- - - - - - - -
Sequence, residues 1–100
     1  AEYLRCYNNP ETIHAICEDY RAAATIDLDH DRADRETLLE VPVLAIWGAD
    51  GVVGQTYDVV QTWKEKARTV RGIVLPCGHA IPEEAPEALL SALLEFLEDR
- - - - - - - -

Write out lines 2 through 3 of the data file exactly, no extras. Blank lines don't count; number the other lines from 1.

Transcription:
     1  AEYLRCYNNP ETIHAICEDY RAAATIDLDH DRADRETLLE VPVLAIWGAD
    51  GVVGQTYDVV QTWKEKARTV RGIVLPCGHA IPEEAPEALL SALLEFLEDR